• Marcie

      Julie, where do you advertise?

      • Carol Tice

        I’d love to know as well, since I’ve never really heard much about freelance writers doing well through advertising online.

        Blogging opt-ins, yes, certainly. But tell us more about where and WHAT you advertise, I’d love to hear!

      • Julie

        I try and find websites where my target clients hang out and if they accept ads, I go on and advertise there. A good example is I found a website that targets retail sellers (my target niche), so I advertise on their website, plus magazine, plus they give me a column where I can write something related to the services I offer, as long as its informative and non promotional. That way, I win some hearts and potential clients come looking for me.

        • Carol Tice

          Love it! I do know some writers who’ve written on tradeouts for a trade pub, in exchange for an ad, and found that a good lead-generator.

        • Marcie

          Thanks for sharing, Julie! I’m going to be more intentional about advertising.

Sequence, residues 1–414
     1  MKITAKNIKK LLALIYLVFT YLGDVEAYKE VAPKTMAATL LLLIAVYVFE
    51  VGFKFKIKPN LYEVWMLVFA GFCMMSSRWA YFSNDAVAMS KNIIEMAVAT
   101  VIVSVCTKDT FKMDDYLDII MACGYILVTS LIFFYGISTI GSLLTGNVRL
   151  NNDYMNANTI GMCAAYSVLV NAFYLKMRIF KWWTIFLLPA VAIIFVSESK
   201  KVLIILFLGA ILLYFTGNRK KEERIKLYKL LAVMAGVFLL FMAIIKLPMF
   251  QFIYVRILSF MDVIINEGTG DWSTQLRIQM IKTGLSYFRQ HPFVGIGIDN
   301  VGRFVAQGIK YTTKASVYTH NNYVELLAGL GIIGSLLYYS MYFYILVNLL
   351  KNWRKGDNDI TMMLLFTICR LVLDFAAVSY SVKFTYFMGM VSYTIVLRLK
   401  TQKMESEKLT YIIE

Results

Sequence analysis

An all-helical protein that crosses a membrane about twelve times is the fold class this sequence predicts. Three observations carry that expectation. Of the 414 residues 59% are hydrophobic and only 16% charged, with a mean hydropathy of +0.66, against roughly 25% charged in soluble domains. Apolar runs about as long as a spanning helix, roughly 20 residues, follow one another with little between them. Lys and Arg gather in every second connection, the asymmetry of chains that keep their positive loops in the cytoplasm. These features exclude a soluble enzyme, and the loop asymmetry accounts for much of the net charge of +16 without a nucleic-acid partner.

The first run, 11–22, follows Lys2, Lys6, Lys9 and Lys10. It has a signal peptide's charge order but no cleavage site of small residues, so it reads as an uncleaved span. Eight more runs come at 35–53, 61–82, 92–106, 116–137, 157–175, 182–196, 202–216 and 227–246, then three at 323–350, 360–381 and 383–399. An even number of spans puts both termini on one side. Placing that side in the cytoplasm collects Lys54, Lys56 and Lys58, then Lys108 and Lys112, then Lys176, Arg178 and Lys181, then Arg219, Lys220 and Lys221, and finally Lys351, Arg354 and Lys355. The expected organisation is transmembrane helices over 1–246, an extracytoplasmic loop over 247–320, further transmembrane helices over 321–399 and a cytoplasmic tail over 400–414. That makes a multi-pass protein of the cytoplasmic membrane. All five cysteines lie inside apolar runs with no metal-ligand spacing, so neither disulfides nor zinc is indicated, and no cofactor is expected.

2. Felix Abur

    I am just beginning to realize the truth of this. I started writing in 2009 and all I have been getting is cheap projects from content mills. Articles that pay $3 per 500 words.

    It’s only after I invested in paid self-hosted websites, hiring a coach, hiring graphic designers, hiring professional photographers, and engaging the services of an editor that I started to see progress.

    Now I’m steadily raising my rates and getting better projects. It pays to invest in your writing business and blog.

    • Carol Tice

      Glad to hear your investments are paying off and rates are rising, Felix! My dad always used to say to me, “It takes money to make money,” and it’s one of those old saws that’s really true.

  3. Elvis Michael

    Thanks, Carol. You saw the big picture, you embraced it, and now you’re “crazy successful” 🙂

    I also wanted to add: Outsource certain small things if it helps get you closer to your goal (not everything should be outsourced, but you get the idea).